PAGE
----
Jamaica Gleaner
Published: Sunday | March 1, 2009
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STORY OF THE SONG: 'Ram Goat Liver' makes mannish water ...And Pluto Shervington's first hit
Mel Cooke, Gleaner Writer

Pluto Shervington entertains an audience at Immaculate Conception High School in 1975. - File

In 1974, while Ernie Smith was on his way to the Federal Records (now Tuff Gong) on Marcus Garvey Drive, Kingston, he saw an accident. When he got to the studio he told Pluto Shervington about it. By the end of the week, Shervington had recorded a song based on the story. That song took off immediately and, 35 years later, is one of the enduring classics of Jamaican music.

Pluto Shervington puts his Ram Goat Liver into the canons of folk music.

"I think that song has got into the category of songs like Evening Time and Linstead Market. I think Ram Goat Liver is past a hit," he told The Sunday Gleaner.

And he will never forget writing Ram Goat Liver, not only because it was his breakout hit, but also "I wrote it on the day that my first child walked. He walked that day from the ground to the bed. He was 10 months old."

Shervington had been searching for that elusive hit that would establish him on the Jamaica music landscape, something that his friend, Ernie Smith, had already done. "Ernie had had two major hits, Pitta Patta and Life is Just for Living. I had two or three maybe almost hits," he said. Those 'maybe almosts' included I Man Bitter, I Man Dread, which was banned from radio.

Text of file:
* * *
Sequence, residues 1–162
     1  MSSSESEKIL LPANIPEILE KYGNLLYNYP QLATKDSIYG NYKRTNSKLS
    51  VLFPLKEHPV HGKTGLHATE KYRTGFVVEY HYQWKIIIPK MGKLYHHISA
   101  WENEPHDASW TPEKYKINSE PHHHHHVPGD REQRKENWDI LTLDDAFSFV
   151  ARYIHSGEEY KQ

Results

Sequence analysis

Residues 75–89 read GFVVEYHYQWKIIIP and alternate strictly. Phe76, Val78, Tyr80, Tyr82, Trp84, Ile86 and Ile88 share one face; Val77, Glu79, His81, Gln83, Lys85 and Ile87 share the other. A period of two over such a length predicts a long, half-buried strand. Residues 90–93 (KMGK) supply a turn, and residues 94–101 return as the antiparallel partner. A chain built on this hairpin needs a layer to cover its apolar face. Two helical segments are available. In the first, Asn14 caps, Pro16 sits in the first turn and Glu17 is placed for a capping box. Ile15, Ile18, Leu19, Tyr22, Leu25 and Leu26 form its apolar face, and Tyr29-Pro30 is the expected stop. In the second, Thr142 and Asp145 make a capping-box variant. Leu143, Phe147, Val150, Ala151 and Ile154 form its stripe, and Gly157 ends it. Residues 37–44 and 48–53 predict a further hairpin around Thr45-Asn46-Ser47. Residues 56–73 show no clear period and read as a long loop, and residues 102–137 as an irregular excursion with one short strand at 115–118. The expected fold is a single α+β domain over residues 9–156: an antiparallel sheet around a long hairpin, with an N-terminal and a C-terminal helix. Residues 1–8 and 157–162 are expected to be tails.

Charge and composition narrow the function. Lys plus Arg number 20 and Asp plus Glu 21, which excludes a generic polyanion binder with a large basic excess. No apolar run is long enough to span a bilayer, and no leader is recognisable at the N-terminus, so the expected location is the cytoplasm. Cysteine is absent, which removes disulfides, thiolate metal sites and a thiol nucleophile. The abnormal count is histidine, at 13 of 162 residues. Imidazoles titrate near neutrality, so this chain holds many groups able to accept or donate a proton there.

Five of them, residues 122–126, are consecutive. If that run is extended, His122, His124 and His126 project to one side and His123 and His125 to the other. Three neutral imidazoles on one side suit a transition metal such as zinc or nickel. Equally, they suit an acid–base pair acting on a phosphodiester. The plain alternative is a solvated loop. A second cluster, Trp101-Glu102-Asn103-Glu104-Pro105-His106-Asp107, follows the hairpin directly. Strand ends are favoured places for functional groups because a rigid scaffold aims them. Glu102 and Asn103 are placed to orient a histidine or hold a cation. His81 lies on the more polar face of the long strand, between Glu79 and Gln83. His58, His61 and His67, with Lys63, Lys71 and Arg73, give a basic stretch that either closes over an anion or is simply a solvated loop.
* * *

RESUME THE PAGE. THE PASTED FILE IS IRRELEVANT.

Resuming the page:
Recorded and released

When Ernie Smith got to the studio that day, he said, "You would not believe what I saw a while ago. I saw a minibus kill a goat in the street. There was a guy standing beside me on the sidewalk. He said all we need now is a pound of rice and we have lunch!"

With that flying start (the overheard line was included in Ram Goat Liver at the end of the first verse as "him shoulda dead mek we buy a poun' a rice"), Ram Goat Liver was recorded and released. It was an immediate hit and all were singing:

"Ram goat liver good fe mek mannish water

Billy goat teet' mek earring fey yu daughter

Curry goat lunch put the bite to you bark

It mek you daughter walk an' talk"

In the song, though, unlike the real incident, the cooking happens:

"Well the news spread fast like a telegram

Nobody know whey de goat come from

We raise a pot and a pan from a Niah man

Who sit down dey all along

Two twos and the pot a boil"

Shervington's favourite part of Ram Goat Liver is when the repercussions of the meal hit below the belt:

"Well I pop two belch an a mek a sigh

I tek a walk go outta street

But while I a wait down de road fi bum a ride

I feel a gripe and I start feel very weak

Before too long you no hafi ask

A runny belly like a judgement day

Everybody in de road a dead wid laugh

Is then I know that crime will never pay."

Outstanding performances

The musicians for Ram Goat Liver were Paul Douglas on drums, Val Douglas on bass, Robbie Lyn on keyboards and Willie Lindo on guitar. At the end of the recording session, they knew they had a hit on their hands and Shervington said when the song took off "they (the pressing plant) had to stop everything and press that".

Naturally, he has performed Ram Goat Liver countless times over the years. One of the outstanding performances "was 1976, Labour Day. Michael Manley had a free concert on the lawns of Jamaica House. It was about a month after I Man Born Ya came out. That was a huge hit at the time. I remember I closed the show with I Man Born Ya, but before that Ram Goat Liver, now three years old, brought the house down".

And Shervington will continue bringing the house down with it.

"I plan to do it until the good Lord cries cree. Until then I am going to keep on doing it," Shervington said.

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